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Moving out of the CF3-land: synthesis, receptor affinity and in silico studies of NK1-receptor ligands containing pentafluorosulfanyl (SF5) group.

The NK1 receptor (NK1R) is a molecular target for both approved and experimental drugs intended for a variety of conditions, including i.a. emesis, pain or cancers. While contemplating modifications to the typical NK1R pharmacophore, we wondered whether the CF3 groups common for many NK1R ligands, could be replaced with some other moiety. Our attention was drawn by the SF5-group, and so we designed, synthesized and tested for NK1R affinity ten novel SF5-containing compounds. All the novel analogues exhibit detectable NK1R binding, with the best of them, compound 5a, binding only slightly worse (IC50 = 34.3 nM) than the approved NK1R-targeting drug, aprepitant (IC50 = 27.7 nM). Molecular docking provided structural explanation of SAR. According to our analysis, the SF5 group in our compounds occupies a position similar to that of one of CF3 groups of aprepitant as found in the crystal structure. Additionally, we checked on whether the docking scoring function or energies derived from Fragment Molecular Orbital quantum chemical calculations may be helpful in explaining and predicting the experimental receptor affinities for our analogues. Both these methods produce moderately good results. Overall, this is the first demonstration of the utility of the SF5-group in the design of NK1R ligands.

Design of novel balanced COX inhibitors based on natural anti-inflammatory ascidian metabolites and celecoxib.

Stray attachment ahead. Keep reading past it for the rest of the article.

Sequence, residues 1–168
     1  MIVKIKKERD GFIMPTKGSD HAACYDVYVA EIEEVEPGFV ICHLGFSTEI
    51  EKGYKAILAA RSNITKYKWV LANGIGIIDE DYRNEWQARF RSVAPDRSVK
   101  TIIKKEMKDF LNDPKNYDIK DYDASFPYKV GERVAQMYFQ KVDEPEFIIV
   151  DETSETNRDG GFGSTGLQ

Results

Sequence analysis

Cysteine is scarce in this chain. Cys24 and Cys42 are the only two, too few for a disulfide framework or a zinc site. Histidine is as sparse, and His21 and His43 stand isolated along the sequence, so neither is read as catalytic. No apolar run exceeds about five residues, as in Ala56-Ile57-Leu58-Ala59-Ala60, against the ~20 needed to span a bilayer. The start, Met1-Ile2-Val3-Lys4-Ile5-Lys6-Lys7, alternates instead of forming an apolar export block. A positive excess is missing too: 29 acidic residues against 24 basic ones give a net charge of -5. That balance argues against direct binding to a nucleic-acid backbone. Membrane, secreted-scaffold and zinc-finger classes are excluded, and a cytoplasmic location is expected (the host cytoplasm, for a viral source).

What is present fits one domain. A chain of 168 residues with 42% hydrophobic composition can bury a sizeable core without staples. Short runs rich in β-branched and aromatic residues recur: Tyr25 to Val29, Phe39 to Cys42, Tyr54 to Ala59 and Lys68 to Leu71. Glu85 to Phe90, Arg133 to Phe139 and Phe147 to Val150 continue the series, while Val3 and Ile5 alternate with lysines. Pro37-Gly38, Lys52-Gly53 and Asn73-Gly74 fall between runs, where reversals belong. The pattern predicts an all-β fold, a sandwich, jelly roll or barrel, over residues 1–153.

The serious adverse effects caused by non-selective and selective cyclooxygenase-2 (COX-2) inhibitors remain significant concerns for current anti-inflammatory drugs. In this study, we present the design and synthesis of a novel series of celecoxib analogs incorporating a hydrazone linker, which were subjected to in silico analysis to compare their binding poses with those of clinically used nonsteroidal anti-inflammatory drugs (NSAIDs) against COX-1 and COX-2. The synthesized analogs were evaluated for their inhibitory activity against both COX enzymes, and compound 6m, exhibiting potent balanced inhibition, was selected for subsequent in vitro anti-inflammatory assays. Treatment with 6m effectively suppressed the NF-κB signaling pathway in lipopolysaccharide (LPS)-stimulated murine RAW264.7 macrophages, resulting in reduced expression of pro-inflammatory factors such as inducible nitric oxide synthase (iNOS), COX-2, tumor necrosis factor-α (TNF-α), interleukin-6 (IL-6), IL-1β, as well as decreased production of prostaglandin E2 (PGE2), nitric oxide (NO), and reactive oxygen species (ROS). However, 6m has no effect on the MAPK signaling pathway. Therefore, due to its potent in vitro anti-inflammatory activity coupled with lack of cytotoxicity, 6m represents a promising candidate for further development as a new lead compound targeting inflammation.

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